2 of 2 people found the following review helpful
5.0 out of 5 stars Outstanding book! July 19 2004
By I.M. Gamer - Published on Amazon.com
Format:Mass Market Paperback
I had found this book used, and I read through it. I've known from previous books of his that I have read that he takes military life down to the smallest detail. I'm an active duty US Marine and its refreshing to see him break down the most mundane things in military life down, because I not only find that kind of stuff funny to be broken down the way he does it, but it really helps me identify with the characters in his books, even if his books that I've read generally cover the WWII era through early Vietnam Era, although I'm sure Vets would appreciate his writing even more than I do. I have about 10 of his books, and it also helps that some of the characters are reused between books as they get promoted and move on with their careers and their interpersonal relationships.
If your a first time reader of these types of books, welcome to his world, but if you like military books, you'll like this one, especially if you are military, and even more so if you are a veteran.
2 of 2 people found the following review helpful
3.0 out of 5 stars Creeping Toward War May 29 2011
By booknblueslady - Published on Amazon.com
Format:Mass Market Paperback
The Colonels is the fourth in W.E.B. Griffin's series Brotherhood of War. it follows a group of colonels and other military personnel from December, 1958 until April 1961, the period during which the US military advisors were becoming more entrenched in Vietnam and the time when the famous Bay of Pigs debacle took place.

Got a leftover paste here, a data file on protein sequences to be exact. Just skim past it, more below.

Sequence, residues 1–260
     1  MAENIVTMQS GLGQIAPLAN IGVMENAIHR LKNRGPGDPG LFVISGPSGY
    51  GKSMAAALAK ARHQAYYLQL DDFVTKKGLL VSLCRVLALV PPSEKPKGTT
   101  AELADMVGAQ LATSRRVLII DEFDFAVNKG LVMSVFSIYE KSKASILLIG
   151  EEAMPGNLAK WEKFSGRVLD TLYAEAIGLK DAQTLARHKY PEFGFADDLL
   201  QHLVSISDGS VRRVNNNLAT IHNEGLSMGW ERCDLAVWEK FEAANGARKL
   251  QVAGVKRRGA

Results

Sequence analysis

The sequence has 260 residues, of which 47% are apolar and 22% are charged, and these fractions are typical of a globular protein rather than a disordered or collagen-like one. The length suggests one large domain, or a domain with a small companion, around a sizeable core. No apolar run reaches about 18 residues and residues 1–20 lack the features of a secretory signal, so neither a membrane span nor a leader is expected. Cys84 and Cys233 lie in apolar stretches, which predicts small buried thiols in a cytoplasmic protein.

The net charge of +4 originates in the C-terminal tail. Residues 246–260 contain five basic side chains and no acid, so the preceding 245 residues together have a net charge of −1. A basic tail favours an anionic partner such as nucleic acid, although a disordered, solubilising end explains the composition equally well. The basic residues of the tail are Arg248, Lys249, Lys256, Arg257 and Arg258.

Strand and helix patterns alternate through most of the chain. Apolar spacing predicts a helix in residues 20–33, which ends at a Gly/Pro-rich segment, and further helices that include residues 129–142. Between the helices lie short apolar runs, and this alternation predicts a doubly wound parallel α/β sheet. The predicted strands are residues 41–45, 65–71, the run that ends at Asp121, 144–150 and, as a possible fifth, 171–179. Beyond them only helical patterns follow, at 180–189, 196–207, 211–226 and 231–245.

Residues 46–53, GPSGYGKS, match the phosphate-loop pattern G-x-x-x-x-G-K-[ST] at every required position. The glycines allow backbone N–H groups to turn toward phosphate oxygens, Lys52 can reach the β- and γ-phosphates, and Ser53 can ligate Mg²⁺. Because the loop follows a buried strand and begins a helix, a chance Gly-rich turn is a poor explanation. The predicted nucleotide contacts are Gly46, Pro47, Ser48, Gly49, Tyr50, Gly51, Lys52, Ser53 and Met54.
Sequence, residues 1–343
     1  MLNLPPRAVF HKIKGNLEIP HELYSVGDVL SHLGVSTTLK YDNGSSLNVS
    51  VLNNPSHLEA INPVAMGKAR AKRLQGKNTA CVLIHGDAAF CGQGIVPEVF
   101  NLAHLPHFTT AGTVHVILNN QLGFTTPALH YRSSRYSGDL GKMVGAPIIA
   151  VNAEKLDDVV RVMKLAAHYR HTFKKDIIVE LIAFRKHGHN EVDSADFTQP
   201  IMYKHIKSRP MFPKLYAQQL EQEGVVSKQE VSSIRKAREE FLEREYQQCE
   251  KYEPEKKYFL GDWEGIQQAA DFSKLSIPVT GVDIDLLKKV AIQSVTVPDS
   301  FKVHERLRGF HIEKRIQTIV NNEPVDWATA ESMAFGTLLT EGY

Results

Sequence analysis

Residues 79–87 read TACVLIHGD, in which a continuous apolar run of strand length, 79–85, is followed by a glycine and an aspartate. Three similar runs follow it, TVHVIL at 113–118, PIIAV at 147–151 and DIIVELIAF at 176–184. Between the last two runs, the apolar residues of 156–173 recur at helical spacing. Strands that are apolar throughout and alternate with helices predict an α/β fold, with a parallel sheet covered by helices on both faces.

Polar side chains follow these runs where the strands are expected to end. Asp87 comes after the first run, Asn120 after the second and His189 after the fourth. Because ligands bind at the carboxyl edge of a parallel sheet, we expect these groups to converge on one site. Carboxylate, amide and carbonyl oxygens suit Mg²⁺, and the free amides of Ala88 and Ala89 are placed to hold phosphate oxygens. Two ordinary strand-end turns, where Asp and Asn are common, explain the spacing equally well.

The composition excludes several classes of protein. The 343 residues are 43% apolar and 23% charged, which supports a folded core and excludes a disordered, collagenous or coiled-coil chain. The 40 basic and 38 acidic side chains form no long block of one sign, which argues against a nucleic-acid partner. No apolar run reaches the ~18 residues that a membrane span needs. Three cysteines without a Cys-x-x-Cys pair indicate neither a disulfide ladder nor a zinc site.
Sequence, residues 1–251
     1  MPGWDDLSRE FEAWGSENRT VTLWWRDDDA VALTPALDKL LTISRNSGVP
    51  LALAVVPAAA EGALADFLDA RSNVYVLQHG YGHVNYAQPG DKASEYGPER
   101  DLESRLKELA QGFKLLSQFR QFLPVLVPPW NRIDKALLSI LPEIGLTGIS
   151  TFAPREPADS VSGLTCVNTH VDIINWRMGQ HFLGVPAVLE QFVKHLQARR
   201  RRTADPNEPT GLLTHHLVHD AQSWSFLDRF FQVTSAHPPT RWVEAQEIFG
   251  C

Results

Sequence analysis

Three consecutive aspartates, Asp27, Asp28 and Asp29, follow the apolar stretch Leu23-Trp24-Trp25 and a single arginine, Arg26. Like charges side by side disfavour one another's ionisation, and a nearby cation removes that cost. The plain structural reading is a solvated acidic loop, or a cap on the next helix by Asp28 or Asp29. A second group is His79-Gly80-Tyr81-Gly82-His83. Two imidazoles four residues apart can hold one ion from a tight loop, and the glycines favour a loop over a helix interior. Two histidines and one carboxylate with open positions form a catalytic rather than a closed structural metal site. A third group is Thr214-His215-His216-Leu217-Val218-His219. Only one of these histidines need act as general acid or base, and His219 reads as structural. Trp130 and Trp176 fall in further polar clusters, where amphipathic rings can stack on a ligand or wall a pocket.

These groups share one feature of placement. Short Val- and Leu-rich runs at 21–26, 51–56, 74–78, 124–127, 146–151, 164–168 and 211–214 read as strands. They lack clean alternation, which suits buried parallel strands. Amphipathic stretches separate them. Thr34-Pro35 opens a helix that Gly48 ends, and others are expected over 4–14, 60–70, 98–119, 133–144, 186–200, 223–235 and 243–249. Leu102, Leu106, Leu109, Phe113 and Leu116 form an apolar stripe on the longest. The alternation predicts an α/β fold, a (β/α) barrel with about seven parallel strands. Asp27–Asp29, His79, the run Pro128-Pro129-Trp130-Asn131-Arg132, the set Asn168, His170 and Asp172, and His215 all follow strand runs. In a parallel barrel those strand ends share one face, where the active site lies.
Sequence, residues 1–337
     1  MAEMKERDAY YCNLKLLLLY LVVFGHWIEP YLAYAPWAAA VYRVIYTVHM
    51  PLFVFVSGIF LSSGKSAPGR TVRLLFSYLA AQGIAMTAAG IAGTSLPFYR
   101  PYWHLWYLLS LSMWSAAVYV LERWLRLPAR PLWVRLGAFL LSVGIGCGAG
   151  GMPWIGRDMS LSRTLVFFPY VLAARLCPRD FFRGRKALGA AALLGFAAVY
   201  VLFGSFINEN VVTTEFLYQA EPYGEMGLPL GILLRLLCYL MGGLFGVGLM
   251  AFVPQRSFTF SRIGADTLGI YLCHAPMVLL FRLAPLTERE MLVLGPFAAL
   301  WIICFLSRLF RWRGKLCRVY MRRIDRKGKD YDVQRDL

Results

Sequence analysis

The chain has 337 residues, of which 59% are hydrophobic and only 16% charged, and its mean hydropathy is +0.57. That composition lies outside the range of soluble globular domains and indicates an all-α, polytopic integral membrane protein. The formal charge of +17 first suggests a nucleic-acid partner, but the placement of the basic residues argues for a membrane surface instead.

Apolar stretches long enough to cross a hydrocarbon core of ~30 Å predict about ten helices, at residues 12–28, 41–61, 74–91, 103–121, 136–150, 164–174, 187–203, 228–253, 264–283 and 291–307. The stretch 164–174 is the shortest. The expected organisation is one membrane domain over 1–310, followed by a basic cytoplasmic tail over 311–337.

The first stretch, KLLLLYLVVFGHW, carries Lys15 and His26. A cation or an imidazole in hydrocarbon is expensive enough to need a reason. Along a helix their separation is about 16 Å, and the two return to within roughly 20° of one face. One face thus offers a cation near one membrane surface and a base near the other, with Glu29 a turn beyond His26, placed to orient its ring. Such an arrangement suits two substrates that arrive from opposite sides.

Griffin, who was a soldier has a degree of expertise regarding military matters and the ability to interest the reader in them through his plot and character development. While this is the fourth of the series, it can be read as a stand alone, because Griffin provides enough insight into the previous lives of the characters without clobbering the reader with facts and information from the other series books.

In The Colonels, one of the characters, Paul Hanrahan is running the training school for the Green Berets, another Craig Lowell is working on the development of rocket firing helicopters and a third, Sandy Lowell is a military advisor to the president. This is only a partial list of the characters in The Colonels and one of the drawbacks to Griffins style. He employs a large cast who are tied together through their back history and through the plot, but the story jumps quickly from one character and location to another. This style can be choppy and difficult for the reader to piece together. In the end, I found the story and characters intriguing enough to overcome the writing style.

I am planning on reading more of Griffin's Brotherhood of War series.